The Link Between Gum Disease and Stoke Risk

According to an article from Health.com, adults diagnosed with gum disease could be twice as likely to suffer a stroke than those with healthy gums. While the study isn’t the first to connect brain attacks with gum disease, it further explains the link by demonstration a “dose-response” relationship.

“The higher the level of gum disease, the worse the risk,” said study author Dr. Souvik Sen, chair of neurology at the University of South Carolina School of Medicine, in Columbia.

Findings showed that stroke risk rose 1.9 times, 2.1 times and 2.2 times higher for people with mild, moderate and severe gum disease respectively.

“The fact that it is a dose-effect relationship, it’s an important finding,” said Dr. Maurizio Trevisan, dean of the City University of New York School of Medicine in New York City. “Unfortunately, it still does not prove the cause/effect relationship because it’s an observational study,” he added.

While researchers believe that the levels of inflammation found in both gum disease and hardening of the arteries may play a role, they still don’t know exactly why people with gum disease have a higher stroke risk. It could be that when people neglect their oral health, they are also less likely to go to the doctor for medical conditions or take prescribed medications regularly.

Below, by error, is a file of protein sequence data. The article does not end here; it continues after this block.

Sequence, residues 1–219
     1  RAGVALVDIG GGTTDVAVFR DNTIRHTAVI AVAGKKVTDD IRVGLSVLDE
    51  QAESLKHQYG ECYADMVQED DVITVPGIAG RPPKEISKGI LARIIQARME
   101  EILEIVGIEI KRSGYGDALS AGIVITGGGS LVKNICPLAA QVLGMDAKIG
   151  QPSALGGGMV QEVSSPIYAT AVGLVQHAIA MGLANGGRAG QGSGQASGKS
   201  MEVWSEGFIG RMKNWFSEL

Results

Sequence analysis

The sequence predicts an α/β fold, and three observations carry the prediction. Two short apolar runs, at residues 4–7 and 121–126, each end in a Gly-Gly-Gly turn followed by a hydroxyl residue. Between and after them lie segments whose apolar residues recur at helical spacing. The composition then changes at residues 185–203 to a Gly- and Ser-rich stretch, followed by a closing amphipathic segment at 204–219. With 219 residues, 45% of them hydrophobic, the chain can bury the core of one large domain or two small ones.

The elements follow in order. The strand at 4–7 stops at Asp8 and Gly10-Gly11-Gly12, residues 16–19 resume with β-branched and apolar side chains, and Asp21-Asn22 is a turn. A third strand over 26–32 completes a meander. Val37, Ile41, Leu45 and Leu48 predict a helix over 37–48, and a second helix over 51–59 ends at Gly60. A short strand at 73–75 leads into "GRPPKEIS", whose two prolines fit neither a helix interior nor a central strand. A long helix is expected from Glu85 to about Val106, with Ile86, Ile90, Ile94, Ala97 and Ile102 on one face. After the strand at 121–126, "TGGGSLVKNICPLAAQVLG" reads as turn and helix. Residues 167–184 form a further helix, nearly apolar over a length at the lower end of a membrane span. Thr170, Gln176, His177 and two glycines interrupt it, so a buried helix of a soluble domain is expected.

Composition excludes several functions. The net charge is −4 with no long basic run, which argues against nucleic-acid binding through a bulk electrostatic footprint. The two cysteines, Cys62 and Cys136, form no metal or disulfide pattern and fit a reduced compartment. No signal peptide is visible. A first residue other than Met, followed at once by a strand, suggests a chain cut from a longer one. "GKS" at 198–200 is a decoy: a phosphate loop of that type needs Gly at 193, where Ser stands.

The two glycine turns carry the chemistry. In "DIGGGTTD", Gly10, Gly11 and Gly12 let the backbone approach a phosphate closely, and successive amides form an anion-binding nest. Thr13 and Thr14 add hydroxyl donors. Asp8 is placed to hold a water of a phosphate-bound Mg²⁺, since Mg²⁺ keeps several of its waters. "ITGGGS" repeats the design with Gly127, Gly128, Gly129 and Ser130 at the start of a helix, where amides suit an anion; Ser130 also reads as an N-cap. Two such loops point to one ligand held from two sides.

“The question still remains whether, if we treated gum disease, can we prevent strokes and heart attacks? — or not,” Sen said.

The study involved data from more than 6,700 adults who had not suffered a stroke. They were all categorized based on their level of gum disease and followed for 15 years. Participants were mostly caucasian with an average age of 62. 55% were female. The data came from a large prospective analysis sponsored by the U.S. National Heart, Lung, and Blood Institute. Nearly 300 strokes were recorded during the study period.

Researchers made adjustments for other factors, including age, race and a variety of health factors, and still stroke risk was higher among those with greater levels of gum disease.

“I don’t think we should tell people that they should floss their teeth in order to prevent heart disease,” said Trevisan. But given the strong evidence linking gum disease and stroke, it’s important to acknowledge that “the message is you should take care of your mouth no matter what.”

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